Writer claims she was duped into tracking down stolen Picasso painting

THE HAGUE (AFP) – A writer who thought she had found a painting by Pablo Picasso stolen in an infamous art heist six years ago said on Sunday (Nov 18) that she was the victim of a “publicity stunt”, Dutch media reported.

Picasso’s Harlequin Head (Tete d’Arlequin) was one of seven paintings snatched from the Kunsthal museum in Rotterdam in 2012.

The artworks by Picasso, Monet, Gauguin, Matisse and Lucian Freud have not been seen since.

But Dutch writer Mira Feticu, who wrote a novel based on the heist, thought she had uncovered the piece after she was sent an anonymous letter around 10 days ago “with instructions regarding the place where the painting was hidden” in Romania.

Feticu, who is of Romanian origin, told AFP the tip-off led her to a forest in the east of the country, where she dug up an artwork wrapped in plastic.

Romanian authorities, who were handed the canvas last Saturday night, said it “might be” a Picasso painting, which is estimated to be worth US$915,000 (S$1.3 million).

However, on Sunday night, Feticu told Dutch public broadcaster NOS that she was the victim of a “performance” by two Belgian directors in Antwerp.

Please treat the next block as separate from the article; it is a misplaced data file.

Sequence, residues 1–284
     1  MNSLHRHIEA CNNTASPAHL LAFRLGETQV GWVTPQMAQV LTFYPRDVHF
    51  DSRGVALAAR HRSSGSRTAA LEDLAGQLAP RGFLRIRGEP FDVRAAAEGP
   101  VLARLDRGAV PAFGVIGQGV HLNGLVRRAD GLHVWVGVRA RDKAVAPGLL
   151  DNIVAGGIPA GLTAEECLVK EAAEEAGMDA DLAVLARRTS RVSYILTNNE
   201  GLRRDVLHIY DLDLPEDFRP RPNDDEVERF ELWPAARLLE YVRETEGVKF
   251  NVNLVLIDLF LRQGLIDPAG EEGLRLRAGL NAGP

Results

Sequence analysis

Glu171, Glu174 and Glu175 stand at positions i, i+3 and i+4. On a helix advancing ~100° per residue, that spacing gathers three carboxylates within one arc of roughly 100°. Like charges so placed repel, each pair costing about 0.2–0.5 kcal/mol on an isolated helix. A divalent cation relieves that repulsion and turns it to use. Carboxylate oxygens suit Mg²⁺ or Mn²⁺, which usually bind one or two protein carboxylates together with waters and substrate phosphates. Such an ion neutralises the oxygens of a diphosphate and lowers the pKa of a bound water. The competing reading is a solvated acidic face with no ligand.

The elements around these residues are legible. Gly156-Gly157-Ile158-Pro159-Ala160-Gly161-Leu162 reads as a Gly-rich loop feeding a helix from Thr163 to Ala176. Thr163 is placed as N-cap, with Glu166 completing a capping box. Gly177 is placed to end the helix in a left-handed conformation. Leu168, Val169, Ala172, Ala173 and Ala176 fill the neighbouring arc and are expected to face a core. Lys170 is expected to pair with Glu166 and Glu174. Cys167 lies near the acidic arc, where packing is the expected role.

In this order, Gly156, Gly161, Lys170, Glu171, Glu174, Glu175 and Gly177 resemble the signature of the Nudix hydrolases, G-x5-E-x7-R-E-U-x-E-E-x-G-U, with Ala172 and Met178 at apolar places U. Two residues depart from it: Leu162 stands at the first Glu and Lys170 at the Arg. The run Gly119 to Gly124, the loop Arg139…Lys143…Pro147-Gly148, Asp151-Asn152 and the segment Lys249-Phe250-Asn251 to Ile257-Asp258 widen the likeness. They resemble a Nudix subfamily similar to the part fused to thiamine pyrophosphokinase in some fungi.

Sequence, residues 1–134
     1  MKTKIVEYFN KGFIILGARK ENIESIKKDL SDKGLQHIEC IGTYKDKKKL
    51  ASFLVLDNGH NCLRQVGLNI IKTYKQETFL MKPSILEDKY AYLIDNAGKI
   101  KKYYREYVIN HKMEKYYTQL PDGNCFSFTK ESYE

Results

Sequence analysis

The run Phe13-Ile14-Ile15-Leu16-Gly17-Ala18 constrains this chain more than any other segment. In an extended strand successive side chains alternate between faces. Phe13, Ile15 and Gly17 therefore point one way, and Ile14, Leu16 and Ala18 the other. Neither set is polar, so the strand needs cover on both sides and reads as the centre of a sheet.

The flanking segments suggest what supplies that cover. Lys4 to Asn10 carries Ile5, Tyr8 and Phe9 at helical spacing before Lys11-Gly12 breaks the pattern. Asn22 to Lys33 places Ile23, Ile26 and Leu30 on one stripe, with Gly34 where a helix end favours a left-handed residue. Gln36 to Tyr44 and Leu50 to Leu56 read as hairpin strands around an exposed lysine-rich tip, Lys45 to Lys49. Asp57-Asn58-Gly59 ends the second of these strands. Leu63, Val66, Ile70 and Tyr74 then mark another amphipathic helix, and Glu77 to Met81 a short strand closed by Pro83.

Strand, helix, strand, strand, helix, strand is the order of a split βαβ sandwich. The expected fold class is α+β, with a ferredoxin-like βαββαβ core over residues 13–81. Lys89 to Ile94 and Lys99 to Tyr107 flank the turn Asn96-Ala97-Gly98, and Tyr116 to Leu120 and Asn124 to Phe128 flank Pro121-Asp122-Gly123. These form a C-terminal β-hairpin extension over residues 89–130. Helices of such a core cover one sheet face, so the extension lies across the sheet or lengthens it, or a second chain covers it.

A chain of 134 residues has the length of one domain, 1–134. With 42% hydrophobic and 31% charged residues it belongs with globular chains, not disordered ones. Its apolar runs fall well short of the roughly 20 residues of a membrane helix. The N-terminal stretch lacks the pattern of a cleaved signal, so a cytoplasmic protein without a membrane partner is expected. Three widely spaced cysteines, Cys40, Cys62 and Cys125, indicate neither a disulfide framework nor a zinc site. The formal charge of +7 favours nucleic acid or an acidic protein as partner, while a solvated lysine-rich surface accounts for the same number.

She had received an e-mail from the duo explaining that the letter was part of a project called True Copy, dedicated to notorious Dutch forger Geert Jan Jansen, whose fakes flooded the art collections of Europe and beyond until he was caught in 1994.

“Part of this performance was prepared in silence in the course of the past few months, with a view to bringing back Picasso’s Tete d’Arlequin,” Bart Baele and Yves Degryse wrote on their website.

Their production company “currently wishes to abstain from any comment” because it first wants to speak to Feticu, the statement said.

Four Romanians were jailed in 2014 for the heist.

Investigators have previously said the paintings were destroyed after the thieves failed to find a buyer.

The thieves had slipped into the Dutch museum during the night of Oct 15-16, 2012, and got away with the works which were not protected by alarms.

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